After Vox.com brought aboard Politico Deputy Managing Editor Laura McGann to run the site’s politics coverage, she articulated a vision that married policy coverage with explainers about politics.
“We want to talk about both things at once,” she told Poynter in January. Politics, she added, is the game that’s wrapped around the substance of governing, and Vox.com wanted to report on both subjects simultaneously.
A few months later, the newsroom has been reconfigured to facilitate that. McGann, who was formerly politics editor, has been appointed deputy managing editor of policy and politics. She now oversees a hefty portion of the site’s reporting and editing corps and reports to co-founder Ezra Klein. Under the new arrangement, McGann is responsible for making sure that the site’s cadre of policy and politics reporters work hand and hand as the 2016 presidential election begins to dominate the news agenda.
“We see these two things as interwoven, and we’re building our newsroom around that idea,” McGann said.
The appointment, which was made official last month, formalizes what was before a loose collaboration between the policy and politics wings at Vox.com. When McGann joined the site, she began working alongside Sarah Kliff, the senior editor responsible for much of the site’s policy coverage. But when it became clear that Vox.com was best suited by closer ties between the two teams, Klein merged them. Now, politics and policy writers attend the same meetings and report to one editor for a more tightly knit news report.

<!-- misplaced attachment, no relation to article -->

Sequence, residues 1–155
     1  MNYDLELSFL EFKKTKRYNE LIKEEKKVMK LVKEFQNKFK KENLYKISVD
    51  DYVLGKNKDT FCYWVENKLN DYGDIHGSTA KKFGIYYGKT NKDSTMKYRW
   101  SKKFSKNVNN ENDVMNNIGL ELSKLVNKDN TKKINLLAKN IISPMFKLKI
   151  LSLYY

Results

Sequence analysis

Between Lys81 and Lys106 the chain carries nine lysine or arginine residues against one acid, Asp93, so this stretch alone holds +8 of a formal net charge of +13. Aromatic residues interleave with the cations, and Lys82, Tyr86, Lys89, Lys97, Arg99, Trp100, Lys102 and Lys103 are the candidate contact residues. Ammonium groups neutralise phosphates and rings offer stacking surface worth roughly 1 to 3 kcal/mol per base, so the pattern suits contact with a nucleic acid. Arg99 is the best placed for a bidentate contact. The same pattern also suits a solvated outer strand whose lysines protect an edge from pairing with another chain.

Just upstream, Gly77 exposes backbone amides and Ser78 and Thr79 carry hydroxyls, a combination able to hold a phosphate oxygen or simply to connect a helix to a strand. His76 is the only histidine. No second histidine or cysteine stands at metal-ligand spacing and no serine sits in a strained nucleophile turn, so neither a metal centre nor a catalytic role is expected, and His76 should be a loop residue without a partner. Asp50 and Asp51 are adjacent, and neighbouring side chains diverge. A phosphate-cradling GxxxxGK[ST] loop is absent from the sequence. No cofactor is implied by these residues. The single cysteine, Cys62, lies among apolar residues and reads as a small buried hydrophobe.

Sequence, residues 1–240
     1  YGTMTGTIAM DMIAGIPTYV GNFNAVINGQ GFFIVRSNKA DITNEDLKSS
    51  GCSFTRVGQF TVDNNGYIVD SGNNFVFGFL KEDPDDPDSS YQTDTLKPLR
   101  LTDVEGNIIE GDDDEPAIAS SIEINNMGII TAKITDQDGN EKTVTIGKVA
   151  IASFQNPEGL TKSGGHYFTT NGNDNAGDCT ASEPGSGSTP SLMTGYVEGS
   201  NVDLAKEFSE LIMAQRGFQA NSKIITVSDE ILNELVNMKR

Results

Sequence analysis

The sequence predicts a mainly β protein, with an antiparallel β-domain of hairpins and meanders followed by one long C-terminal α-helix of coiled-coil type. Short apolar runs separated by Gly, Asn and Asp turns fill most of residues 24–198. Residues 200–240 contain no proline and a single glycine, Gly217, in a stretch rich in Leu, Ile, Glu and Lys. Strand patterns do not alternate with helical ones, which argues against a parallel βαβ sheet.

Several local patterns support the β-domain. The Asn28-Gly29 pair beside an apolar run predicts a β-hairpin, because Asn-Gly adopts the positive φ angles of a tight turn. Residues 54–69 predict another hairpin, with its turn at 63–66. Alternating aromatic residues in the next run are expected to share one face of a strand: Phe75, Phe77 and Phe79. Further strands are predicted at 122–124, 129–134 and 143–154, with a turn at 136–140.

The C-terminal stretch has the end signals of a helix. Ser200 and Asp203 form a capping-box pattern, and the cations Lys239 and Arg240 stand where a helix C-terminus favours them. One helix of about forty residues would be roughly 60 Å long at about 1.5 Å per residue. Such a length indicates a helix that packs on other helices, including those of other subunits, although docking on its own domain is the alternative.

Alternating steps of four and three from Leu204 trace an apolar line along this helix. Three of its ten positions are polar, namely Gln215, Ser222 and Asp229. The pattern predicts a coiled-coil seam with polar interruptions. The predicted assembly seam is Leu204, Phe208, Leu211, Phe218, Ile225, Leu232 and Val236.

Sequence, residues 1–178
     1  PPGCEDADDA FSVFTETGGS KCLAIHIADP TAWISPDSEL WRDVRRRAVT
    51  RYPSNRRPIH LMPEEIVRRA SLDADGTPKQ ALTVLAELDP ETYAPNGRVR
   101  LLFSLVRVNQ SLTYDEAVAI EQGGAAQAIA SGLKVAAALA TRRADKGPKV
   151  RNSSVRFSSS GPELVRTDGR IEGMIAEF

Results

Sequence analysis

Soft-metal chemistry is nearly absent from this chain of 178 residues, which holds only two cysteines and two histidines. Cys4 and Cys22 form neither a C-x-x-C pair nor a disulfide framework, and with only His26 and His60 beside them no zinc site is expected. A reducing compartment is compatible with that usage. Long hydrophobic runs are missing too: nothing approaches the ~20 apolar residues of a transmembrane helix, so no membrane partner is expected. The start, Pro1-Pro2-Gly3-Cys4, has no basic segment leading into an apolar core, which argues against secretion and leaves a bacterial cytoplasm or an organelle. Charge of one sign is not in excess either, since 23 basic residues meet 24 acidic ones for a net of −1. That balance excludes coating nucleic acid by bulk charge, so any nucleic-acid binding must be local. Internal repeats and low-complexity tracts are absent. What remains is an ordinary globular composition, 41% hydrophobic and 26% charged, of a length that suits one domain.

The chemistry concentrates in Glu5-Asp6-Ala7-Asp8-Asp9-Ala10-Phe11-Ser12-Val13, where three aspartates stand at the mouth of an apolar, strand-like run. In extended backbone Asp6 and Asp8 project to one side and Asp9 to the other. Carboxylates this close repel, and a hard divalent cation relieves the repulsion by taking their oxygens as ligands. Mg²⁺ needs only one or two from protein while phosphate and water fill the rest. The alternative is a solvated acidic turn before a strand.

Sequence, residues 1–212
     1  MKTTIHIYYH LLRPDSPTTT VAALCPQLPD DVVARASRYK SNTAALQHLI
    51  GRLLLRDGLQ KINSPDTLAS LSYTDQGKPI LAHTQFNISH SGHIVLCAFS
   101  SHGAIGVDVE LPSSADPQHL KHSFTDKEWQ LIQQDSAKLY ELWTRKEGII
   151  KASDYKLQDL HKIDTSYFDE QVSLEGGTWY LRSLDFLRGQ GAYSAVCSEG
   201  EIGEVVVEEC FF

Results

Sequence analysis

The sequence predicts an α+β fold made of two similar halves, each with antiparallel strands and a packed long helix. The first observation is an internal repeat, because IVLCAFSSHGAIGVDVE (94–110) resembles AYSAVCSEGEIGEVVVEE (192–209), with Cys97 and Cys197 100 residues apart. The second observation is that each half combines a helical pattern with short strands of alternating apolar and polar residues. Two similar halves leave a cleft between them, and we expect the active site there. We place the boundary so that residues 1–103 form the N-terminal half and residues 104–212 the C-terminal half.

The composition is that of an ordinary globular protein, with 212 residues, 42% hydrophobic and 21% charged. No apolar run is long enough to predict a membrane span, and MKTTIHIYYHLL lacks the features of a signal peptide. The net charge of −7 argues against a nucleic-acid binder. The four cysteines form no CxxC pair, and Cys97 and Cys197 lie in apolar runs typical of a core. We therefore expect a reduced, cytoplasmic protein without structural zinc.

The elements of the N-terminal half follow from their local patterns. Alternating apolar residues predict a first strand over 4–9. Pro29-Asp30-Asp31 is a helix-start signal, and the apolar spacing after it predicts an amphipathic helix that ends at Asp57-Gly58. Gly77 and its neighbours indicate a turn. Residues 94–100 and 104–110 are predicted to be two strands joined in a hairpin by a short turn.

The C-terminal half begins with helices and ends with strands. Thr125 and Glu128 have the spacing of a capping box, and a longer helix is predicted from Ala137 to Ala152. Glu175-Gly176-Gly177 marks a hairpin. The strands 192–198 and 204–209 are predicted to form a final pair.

McGann says the new structure enables the site’s journalists to work in concert when stories require insight in the realms of both policy and politics. By way of example, she cited a recent item that examined 11 defining moments in Hillary Clinton’s career, from her commencement speech at Wellesley to her future presidential prospects.
The article, which incorporated policy, politics, interactivity and photographic elements, was the result of a collaboration between multiple writers and editors, including Kliff, Allen, politics reporter Andrew Prokop and content director Max Fisher.
“The nature of having this mega-team made that workable in a way that it wouldn’t have under the old system,” McGann said. “And it also felt like a natural extension of what we do.”
The newsroom reorganization became official around the same time that Bloomberg transplant Jonathan Allen began as chief political correspondent for Vox.com. In addition to Allen, McGann plans to grow to the site’s political reporting ranks in advance of the 2016 election. She’s currently looking for “a handful” of journalists, including a reporter who will examine the role of gender in the upcoming presidential contest. They will join a few previously-announced hires that began last week, including graphics editor Javier Zarracina, news app developer Soo Oh, deputy culture editor Jen Trolio, shortform editor Margarita Noriega and climate writer Dave Roberts.